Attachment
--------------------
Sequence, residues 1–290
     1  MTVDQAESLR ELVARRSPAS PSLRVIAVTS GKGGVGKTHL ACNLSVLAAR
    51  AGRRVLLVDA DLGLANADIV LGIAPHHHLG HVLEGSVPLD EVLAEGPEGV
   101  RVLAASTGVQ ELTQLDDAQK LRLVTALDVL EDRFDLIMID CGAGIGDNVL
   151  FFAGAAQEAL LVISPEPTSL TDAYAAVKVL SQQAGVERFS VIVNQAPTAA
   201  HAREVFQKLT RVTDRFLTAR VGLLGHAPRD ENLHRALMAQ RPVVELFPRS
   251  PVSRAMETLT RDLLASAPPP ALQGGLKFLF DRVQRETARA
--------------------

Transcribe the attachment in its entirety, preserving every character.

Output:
Sequence, residues 1–290
     1  MTVDQAESLR ELVARRSPAS PSLRVIAVTS GKGGVGKTHL ACNLSVLAAR
    51  AGRRVLLVDA DLGLANADIV LGIAPHHHLG HVLEGSVPLD EVLAEGPEGV
   101  RVLAASTGVQ ELTQLDDAQK LRLVTALDVL EDRFDLIMID CGAGIGDNVL
   151  FFAGAAQEAL LVISPEPTSL TDAYAAVKVL SQQAGVERFS VIVNQAPTAA
   201  HAREVFQKLT RVTDRFLTAR VGLLGHAPRD ENLHRALMAQ RPVVELFPRS
   251  PVSRAMETLT RDLLASAPPP ALQGGLKFLF DRVQRETARA